How wakeful rest can boost your memory

Wakeful rest can serve to boost a person's memory, new research has suggested. To appear in the journal Psychological Science, a publication of the Association for Psychological Science, the study found people can make their new learning stick by sitting still and closing their eyes for a few moments.

Psychological Scientist Michaela Dewar and colleagues discovered this method is particularly useful when individuals learn something that is verbally new to them.

As a result of these moments of wakeful rest, memory can not only be boosted immediately, it is also improved over the longer term, the team discovered.

Ms Dewar said the findings lend backing to the notion that memories are not simply formed within seconds, adding: "Activities that we are engaged in for the first few minutes after learning new information really affect how well we remember this information after a week."

The investigators noted people need a little peace and quiet to consolidate memories, especially in an age where they are constantly bombarded with new information.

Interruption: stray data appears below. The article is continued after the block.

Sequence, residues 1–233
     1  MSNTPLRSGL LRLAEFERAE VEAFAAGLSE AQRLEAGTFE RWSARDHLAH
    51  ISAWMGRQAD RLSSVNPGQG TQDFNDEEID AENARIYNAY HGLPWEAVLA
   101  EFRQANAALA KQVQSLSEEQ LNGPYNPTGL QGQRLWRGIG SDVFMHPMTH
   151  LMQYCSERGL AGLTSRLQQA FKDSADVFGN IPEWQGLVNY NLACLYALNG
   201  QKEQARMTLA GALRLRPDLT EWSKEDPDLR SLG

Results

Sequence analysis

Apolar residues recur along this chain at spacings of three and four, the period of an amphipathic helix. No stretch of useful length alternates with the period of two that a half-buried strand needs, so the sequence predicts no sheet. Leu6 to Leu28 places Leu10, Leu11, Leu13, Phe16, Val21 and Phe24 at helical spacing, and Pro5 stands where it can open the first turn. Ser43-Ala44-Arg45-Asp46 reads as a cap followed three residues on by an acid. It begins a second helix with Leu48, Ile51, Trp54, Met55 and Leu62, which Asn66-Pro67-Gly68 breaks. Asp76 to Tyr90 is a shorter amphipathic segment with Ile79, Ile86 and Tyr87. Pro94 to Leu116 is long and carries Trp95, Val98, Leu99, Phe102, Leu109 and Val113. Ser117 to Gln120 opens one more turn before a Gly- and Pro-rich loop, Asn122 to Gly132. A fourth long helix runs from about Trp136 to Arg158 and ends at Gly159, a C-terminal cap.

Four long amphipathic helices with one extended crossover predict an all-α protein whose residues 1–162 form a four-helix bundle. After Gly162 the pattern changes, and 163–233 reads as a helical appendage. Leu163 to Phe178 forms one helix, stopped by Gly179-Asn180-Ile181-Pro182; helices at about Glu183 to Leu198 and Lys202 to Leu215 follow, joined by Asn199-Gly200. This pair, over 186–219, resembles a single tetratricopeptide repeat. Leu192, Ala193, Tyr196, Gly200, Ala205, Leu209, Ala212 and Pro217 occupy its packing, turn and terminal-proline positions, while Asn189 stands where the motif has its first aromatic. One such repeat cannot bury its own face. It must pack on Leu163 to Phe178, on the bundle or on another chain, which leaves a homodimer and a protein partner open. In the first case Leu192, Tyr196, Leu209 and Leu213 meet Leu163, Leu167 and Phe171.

Chartered Psychologist Gary Fitzgibbon says:

"The idea that memory failure can be explained because recently acquired information is crowded out by new information makes a lot of sense in terms of explaining memory failures generally.  In my work coaching dyslexic adults (generally between the ages of 25 and 50) to improve their memory functioning one of the key skills that I focus on is managing new information so it doesn’t crowd out recently acquired information; I always emphasise the importance of taking a short time-out after learning something new to allow a consolidation process to take place.

"I usually advise clients that they should do something relaxing, but I’m persuaded that wakeful resting might be the most effective activity; it seems intuitively obvious that relaxing briefly with the eyes closed would reduce to a minimum new information and therefore the crowding out effect would also be minimised. Having a piece of research that can be easily and safely introduced into a coaching environment is always exciting and I’m looking forward to exploring practical applications of Dewar’s work."